In stunning testimony, U.S. Ambassador Gordon Sondland told House impeachment investigators Wednesday that President Donald Trump directed Rudy Giuliani to pursue a "quid pro quo."
The requests by Giuliani, Trump's personal attorney, involved granting a White House meeting for Ukraine's newly elected president, Volodymyr Zelensky, Sondland testified, according to CNBC.
"Mr. Giuliani demanded that Ukraine make a public statement announcing investigations" into the 2016 U.S. presidential election and Ukrainian natural gas company Burisma Holdings, where former Vice President Joe Biden's son Hunter had been a board member, Sondland said.
"Mr. Giuliani was expressing the desires of the president of the United States, and we knew that these investigations were important to the president," Sondland said in his opening statement.
Sondland's explosive opening statement implicates a number of other senior Trump administration officials in the scheme to get Ukraine to launch the investigations, including Vice President Mike Pence, Secretary of State Mike Pompeo and acting White House chief of staff Mick Mulvaney.
Sondland went on to say that he and Perry, as well as former U.S. special envoy to Ukraine Kurt Volker, "worked with Mr. Rudy Giuliani on Ukraine matters at the express direction of the president of the United States."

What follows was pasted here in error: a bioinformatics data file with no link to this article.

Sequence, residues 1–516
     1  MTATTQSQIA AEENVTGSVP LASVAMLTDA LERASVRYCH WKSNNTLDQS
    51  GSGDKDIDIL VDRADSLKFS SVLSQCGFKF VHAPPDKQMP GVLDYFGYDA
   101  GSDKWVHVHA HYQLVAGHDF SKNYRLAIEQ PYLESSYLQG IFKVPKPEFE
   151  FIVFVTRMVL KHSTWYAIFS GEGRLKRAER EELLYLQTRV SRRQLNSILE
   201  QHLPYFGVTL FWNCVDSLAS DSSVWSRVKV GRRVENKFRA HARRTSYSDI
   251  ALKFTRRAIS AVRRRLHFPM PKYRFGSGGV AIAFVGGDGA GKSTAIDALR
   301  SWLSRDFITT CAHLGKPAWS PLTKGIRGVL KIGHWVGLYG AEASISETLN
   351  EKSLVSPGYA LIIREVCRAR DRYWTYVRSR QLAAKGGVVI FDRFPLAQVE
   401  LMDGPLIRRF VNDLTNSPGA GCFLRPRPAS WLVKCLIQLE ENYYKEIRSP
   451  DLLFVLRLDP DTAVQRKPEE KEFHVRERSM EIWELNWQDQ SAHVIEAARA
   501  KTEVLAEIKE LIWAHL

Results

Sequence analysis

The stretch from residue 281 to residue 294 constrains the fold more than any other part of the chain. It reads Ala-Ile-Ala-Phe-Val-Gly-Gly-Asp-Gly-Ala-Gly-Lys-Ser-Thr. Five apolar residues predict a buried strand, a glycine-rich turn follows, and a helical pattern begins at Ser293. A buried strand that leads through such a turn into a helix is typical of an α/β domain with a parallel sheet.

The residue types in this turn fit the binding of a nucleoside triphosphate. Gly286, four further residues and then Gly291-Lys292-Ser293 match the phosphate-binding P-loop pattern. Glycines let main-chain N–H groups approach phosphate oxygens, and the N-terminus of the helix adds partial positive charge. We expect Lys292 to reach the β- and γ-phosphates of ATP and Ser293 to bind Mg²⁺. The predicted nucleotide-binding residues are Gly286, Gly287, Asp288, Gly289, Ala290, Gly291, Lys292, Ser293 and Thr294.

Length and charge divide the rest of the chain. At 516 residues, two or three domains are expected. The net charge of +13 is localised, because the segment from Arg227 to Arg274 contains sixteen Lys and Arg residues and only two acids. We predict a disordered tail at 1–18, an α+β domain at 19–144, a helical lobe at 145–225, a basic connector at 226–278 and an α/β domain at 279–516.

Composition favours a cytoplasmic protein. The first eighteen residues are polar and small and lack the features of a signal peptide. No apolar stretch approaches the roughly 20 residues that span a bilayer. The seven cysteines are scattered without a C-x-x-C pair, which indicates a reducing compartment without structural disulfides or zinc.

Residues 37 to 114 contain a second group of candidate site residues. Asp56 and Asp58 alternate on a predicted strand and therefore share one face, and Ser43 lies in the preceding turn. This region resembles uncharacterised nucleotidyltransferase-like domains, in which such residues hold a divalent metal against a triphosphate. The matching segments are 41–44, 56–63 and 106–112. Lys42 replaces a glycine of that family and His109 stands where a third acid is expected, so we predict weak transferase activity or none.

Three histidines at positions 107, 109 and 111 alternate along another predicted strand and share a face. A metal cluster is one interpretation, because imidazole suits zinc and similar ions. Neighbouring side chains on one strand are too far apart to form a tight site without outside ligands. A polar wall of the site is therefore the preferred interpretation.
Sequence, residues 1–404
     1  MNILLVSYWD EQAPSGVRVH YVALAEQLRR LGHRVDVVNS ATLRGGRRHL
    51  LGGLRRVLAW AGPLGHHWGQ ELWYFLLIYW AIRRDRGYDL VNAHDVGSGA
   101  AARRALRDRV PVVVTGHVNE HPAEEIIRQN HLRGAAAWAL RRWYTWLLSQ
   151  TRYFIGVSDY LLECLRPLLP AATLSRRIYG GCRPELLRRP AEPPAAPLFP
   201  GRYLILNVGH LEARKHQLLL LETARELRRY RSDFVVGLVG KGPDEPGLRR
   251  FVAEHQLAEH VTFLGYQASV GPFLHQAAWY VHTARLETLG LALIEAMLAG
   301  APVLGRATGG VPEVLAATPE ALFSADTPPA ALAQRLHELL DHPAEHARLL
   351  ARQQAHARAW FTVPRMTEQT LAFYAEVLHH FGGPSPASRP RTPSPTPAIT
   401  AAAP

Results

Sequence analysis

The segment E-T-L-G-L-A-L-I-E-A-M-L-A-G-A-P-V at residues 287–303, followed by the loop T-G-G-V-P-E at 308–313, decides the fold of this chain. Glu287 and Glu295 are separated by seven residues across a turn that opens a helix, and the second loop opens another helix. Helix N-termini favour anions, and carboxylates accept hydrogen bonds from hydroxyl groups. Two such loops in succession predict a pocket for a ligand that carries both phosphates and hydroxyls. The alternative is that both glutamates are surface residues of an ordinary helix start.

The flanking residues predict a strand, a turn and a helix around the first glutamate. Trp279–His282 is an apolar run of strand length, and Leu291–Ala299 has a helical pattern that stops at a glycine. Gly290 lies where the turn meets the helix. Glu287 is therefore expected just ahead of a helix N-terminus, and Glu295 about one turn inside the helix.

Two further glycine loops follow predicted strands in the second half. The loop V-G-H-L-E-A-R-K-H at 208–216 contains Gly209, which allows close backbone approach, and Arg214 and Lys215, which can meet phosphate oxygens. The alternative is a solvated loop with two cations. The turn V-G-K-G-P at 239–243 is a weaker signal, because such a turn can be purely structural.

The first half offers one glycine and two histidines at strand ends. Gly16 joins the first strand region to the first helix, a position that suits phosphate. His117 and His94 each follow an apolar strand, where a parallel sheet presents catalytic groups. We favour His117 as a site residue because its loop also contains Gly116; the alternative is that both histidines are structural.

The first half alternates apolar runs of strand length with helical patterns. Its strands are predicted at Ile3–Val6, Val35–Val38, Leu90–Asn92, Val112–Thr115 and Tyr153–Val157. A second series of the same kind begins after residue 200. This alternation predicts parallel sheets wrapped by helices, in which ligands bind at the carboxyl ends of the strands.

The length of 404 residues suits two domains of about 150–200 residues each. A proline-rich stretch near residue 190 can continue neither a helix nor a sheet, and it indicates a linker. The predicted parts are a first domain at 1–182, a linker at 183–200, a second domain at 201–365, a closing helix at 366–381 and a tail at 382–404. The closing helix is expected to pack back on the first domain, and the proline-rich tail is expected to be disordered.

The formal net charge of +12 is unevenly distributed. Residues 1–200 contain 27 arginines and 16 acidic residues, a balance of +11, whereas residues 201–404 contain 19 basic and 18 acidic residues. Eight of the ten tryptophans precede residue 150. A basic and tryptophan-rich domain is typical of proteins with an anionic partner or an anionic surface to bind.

"We did not want to work with Mr. Giuliani," Sondland said. "Simply put, we played the hand we were dealt. We all understood that if we refused to work with Mr. Giuliani, we would lose an important opportunity to cement relations between the United States and Ukraine. So we followed the president's orders."
But he then added that "although we disagreed with the need to involve Mr. Giuliani, we did not believe that his role was improper at the time."
Sondland also said he was "adamantly opposed" to the decision to withhold hundreds of millions of dollars in military aid to Ukraine, which is embroiled in conflict with Russia.
"Ukrainians needed those funds to fight against Russian aggression. I tried diligently to ask why the aid was suspended, but I never received a clear answer," Sondland said.
"In the absence of any credible explanation for the suspension of aid, I later came to believe that the resumption of security aid would not occur until there was a public statement from Ukraine committing to the investigations of the 2016 election and Burisma, as Mr. Giuliani had demanded," Sondland said.
Sondland said he told many people at the time that the aid should not have been withheld. "But my goal, at the time, was to do what was necessary to get the aid released, to break the logjam."
"I really regret that the Ukrainians were placed in that predicament, but I do not regret doing what I could to try to break the logjam and to solve the problem," Sondland testified.
Two more witnesses – Defense Department official Laura Cooper and State Department official David Hale – are scheduled to appear together before the panel Wednesday afternoon.